The purple pinwheel in Michelle Leopold’s front yard symbolizes overdose awareness. She’s a "tough mother" fighting against fentanyl. Her first-born son Trevor died when he was only 18 years old in his dorm room, after taking what he believed to be an oxycodone pill that was, unbeknownst to him, laced with fentanyl.
Leopold told Scripps News about Trevor. He was always an adventurous eater; by age 4 he loved sushi and brussel sprouts.
"He always was inquisitive and loved to know how things worked, love to learn about animals, about rocks, anything, nature. I do feel like he is here supporting me in this activism," said Leopold.
This week, Narcan rolls off the production line and onto drugstore shelves. The nasal spray is the first FDA approved over-the-counter medicine to reverse opioid overdose.
It comes as 3 in 10 U.S. adults say someone in their family has been addicted to opioids, according to health policy research firm KFF.
More than 109,000 Americans died from a drug overdose last year according to the CDC.
"In early September, you should start seeing it in the big retailers like Walgreens and Walmart. And as we go through the month of September, access and availability of Narcan will continue to spread to regional grocery stores, independent pharmacies and the like," said Matt Hartwig, a spokesperson for Emergent BioSolutions, manufacturer of Narcan.
So now, when you go into the pharmacy, for just under $50 you can get a box of Narcan that includes two doses. But advocates worry that it may still be too expensive for some.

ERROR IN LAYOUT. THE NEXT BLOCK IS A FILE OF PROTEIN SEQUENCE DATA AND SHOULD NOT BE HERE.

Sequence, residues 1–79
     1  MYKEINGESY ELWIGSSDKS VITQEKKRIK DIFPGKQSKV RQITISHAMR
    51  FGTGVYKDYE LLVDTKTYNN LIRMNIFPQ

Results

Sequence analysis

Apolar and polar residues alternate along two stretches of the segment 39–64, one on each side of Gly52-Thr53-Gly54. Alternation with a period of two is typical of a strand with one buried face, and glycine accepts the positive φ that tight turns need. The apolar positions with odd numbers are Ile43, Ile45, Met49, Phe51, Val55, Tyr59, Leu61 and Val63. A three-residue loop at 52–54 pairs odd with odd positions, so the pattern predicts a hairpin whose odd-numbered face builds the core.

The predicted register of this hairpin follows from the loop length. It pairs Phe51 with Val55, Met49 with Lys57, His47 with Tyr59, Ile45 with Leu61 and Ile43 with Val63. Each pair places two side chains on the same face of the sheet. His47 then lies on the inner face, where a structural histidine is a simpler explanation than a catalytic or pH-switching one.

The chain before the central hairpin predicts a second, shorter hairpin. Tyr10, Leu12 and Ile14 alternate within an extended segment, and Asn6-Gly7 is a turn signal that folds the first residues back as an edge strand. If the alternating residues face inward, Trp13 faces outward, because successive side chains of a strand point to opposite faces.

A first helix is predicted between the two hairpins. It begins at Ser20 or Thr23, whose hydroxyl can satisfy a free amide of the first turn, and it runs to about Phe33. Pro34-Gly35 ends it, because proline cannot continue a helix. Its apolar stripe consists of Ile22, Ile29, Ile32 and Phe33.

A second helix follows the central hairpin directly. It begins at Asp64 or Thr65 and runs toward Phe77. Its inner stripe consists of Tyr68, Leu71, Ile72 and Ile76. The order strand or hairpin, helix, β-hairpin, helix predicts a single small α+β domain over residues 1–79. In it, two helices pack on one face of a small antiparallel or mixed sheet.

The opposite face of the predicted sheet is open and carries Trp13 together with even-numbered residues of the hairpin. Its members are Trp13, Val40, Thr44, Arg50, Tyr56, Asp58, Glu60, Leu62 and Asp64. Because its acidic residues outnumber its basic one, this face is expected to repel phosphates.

"If it's going to be something they don't have necessarily somebody in their immediate circle that they're concerned about, they just want to be a good samaritan that's doing the right thing, I think that $44.99 is pretty expensive. For a lot of people. It's going to be a barrier. A lot of people. We have people who work regular 9-to-5 bank, I.T. and other jobs. They can afford Narcan at the pharmacy, but many cannot," said Leopold.
Chris Brown runs a harm reduction program in Northern California, one of many that distributes free Narcan and generic naloxone. They can give out about 180 boxes a week.
"Here in Marin County, out of a population of about 265,000, it's about every six days that somebody fatally overdoses," said Brown.
He says fentanyl is a razor's edge with tiny margin for error, but more naloxone access is a big step, helping fight stigma and save lives.
Manufacturer Emergent BioSolutions expects widespread availability by the end of September.
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